In the first three chapters of Ephesians, Paul has described in glorious detail the eternal purpose and pleasure of God in saving a people for himself. All of God’s salvation work has resulted in the creation of a new people whom he now indwells (Eph. 2:21-22). He is describing a new Temple, one that is not made by hands, but rather indwells hands and feet, heart and brain. At the end of chapter 3 his theology becomes overwhelmed with desire and he must bare his heart in prayer.
Paul's chief desire for himself and for us is to know God and enjoy his love. Nothing is more important than this, for nothing short of experiencing the love of Jesus will transform us into imitators of his love. As we are intimate with our Heavenly Father, we begin to take on the Father‘s characteristics. Intimacy with the Father, however, is fraught with problems and challenges. How can we experience the love of God in such a way that we are deeply, substantially changed? It takes nothing less than the awesomely tender power of God.
Paul’s prayer contains two primary petitions for us to engage with and enter into, and they both have to do with power. Power is a key word in Ephesians (Eph 1:19, 21; 3:7, 16, 18, 20; 6:10), always referring to the strength of God in working salvation, making the dead come alive to God. Without the power of God we will not taste deeply the love of God.
Petition #1: I pray that out of his glorious riches he may strengthen you with power through his Spirit in your inner being, so that Christ may dwell in your hearts through faith (v. 16-17a).
What comes to your mind when you think of displays of power? Allow your imagination to present symbols of power to your mind. What do you see? Though we can easily think of displays of power within creation (earthquakes, Niagara Falls, hurricanes and tornadoes, etc.), the Scriptures present the resurrection of Jesus as the supreme display of power in (new) creation (see Eph. 1:19-23). When Paul prays for power in the words we are considering, we need to have resurrection in mind. Resurrection is the greatest display of the power and tenderness of God, for by it we are made alive and intimate with Him once again.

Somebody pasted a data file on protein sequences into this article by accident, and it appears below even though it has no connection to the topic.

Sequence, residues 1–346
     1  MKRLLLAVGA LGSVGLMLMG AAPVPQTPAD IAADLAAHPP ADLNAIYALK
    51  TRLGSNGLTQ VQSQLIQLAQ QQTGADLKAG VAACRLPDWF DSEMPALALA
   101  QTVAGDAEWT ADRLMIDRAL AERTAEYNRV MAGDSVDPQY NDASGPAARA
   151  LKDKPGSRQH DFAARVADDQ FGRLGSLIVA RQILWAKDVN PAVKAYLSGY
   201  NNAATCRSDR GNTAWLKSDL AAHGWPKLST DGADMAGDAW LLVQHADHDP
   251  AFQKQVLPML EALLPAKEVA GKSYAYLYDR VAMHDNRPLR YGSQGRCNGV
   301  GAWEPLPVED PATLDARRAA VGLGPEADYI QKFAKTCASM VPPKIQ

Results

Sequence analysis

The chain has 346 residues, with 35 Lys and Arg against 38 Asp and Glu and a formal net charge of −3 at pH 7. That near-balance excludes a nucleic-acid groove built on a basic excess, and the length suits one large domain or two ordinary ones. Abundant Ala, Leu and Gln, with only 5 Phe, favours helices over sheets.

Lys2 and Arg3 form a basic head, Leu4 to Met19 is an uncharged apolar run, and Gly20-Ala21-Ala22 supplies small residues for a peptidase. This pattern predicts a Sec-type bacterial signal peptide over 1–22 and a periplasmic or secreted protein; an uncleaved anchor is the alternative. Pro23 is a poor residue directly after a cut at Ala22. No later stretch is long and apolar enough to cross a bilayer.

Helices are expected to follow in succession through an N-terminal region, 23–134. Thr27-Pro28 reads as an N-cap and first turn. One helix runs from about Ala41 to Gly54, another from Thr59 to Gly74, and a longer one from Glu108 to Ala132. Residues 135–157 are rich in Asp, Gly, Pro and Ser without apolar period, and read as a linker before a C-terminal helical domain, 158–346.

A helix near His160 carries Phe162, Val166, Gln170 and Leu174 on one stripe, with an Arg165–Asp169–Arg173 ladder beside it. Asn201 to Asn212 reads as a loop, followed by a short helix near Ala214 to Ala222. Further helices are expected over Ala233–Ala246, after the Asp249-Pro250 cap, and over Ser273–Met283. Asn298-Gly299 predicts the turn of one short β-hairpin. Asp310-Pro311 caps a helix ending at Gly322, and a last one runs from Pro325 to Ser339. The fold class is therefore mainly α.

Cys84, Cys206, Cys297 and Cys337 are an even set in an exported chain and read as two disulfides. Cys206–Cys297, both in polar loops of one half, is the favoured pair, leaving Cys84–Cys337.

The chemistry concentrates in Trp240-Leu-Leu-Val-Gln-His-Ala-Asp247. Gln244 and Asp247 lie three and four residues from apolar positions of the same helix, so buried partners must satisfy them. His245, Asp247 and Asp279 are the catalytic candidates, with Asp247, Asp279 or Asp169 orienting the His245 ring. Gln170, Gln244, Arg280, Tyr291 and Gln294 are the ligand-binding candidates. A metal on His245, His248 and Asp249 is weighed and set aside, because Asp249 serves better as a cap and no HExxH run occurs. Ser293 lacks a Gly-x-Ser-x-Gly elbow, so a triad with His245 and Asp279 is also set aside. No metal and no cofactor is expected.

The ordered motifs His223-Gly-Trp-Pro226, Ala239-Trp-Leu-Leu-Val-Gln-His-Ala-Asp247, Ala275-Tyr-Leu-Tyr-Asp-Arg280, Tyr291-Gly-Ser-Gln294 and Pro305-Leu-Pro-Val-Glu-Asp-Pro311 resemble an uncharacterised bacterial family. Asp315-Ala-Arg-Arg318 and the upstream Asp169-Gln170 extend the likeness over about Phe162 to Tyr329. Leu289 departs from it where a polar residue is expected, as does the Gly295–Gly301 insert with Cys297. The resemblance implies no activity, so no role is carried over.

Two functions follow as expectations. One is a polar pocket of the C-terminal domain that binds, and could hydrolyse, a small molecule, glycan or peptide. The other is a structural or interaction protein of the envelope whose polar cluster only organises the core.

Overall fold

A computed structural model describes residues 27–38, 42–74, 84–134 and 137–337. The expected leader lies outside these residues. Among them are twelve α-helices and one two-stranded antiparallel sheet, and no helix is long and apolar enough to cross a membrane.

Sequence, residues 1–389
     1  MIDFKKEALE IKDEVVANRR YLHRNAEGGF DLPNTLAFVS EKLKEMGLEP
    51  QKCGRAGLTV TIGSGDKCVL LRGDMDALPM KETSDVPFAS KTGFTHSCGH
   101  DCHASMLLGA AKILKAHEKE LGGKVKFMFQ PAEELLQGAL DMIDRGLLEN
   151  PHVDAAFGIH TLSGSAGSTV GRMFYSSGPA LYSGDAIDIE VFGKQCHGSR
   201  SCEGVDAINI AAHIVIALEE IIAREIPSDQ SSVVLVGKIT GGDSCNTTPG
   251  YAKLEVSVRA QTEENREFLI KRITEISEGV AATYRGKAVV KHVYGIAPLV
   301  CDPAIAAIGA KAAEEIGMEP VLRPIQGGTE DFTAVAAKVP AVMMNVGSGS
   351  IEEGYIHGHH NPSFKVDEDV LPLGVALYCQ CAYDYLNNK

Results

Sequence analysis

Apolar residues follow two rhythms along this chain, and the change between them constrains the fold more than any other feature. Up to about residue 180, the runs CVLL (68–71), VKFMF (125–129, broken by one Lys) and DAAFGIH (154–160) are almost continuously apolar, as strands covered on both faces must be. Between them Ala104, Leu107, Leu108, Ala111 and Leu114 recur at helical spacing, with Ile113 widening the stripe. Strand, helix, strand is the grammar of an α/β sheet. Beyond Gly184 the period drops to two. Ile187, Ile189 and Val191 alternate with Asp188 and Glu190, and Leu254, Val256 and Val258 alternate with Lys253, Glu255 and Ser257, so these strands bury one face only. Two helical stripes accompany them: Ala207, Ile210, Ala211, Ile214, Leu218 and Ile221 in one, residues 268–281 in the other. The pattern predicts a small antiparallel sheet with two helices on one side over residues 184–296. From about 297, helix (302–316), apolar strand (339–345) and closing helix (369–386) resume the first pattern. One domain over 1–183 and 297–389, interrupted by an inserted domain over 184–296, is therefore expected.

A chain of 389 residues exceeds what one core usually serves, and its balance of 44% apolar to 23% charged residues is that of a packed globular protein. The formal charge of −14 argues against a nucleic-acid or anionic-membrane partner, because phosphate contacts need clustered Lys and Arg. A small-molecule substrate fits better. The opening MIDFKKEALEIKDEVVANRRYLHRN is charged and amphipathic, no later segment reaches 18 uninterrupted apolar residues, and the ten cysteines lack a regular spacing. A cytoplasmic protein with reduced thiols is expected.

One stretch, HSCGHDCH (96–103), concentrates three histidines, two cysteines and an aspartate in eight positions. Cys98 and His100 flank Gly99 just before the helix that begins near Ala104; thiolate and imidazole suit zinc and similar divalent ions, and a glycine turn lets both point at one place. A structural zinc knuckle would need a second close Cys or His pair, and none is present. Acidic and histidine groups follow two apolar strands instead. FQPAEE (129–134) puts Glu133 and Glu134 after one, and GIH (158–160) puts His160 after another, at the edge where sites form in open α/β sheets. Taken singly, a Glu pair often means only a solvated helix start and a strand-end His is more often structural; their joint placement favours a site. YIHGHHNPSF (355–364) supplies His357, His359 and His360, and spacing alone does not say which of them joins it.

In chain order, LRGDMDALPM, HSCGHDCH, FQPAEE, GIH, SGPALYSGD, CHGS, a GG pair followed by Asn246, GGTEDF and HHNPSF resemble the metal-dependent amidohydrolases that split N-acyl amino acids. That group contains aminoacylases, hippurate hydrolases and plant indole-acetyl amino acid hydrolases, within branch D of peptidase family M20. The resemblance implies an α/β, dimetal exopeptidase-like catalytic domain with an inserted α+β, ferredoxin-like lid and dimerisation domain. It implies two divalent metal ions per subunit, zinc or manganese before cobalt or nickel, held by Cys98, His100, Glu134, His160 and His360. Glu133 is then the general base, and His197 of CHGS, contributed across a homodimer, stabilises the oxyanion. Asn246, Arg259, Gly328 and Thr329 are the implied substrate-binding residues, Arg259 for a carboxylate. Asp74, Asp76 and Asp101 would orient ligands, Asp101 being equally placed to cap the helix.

The request for power so that Christ may “dwell in our hearts through faith” has often been taken to refer to maturity in the Christian life, and it is certainly not less than that. But what is often overlooked in this passage is the raw intimacy it contains. There is something incredibly intimate about Jesus making his home in us; something amazingly tender and warm about these words and the realities they represent. To merely categorize them in terms of “Christian maturity” and “growth in Christlikeness” doesn't do them justice. The conceptual containers are simply too small, too narrow. Through union with Christ in the gospel we have been raised from the dead and seated with Christ in God. Further, by his Spirit God indwells our very souls. He has made his home in our hearts, and he invites us to join him there, surrendering everything that gets in the way of our enjoyment of one another. From this inner dwelling, God the Spirit exerts power in the form of compelling love and grace that manifests itself in gospel fruit.

“Live in me. Make your home in me just as I do in you. In the same way that a branch can't bear grapes by itself but only by being joined to the vine, you can't bear fruit unless you are joined with me. . . . I've loved you the way my Father has loved me. Make yourselves at home in my love. If you keep my commands, you'll remain intimately at home in my love” (John 15: 4, 9-10 NIV).

“God has poured out his love into our hearts by the Holy Spirit, whom he has given us” (Romans 5:5 NIV).

Petition #2: And I pray that you, being rooted and established in love, may have power, together with all the saints, to grasp how wide and long and high and deep is the love of Christ, and to know this love that surpasses knowledge—that you may be filled to the measure of all the fullness of God (v. 17b-19).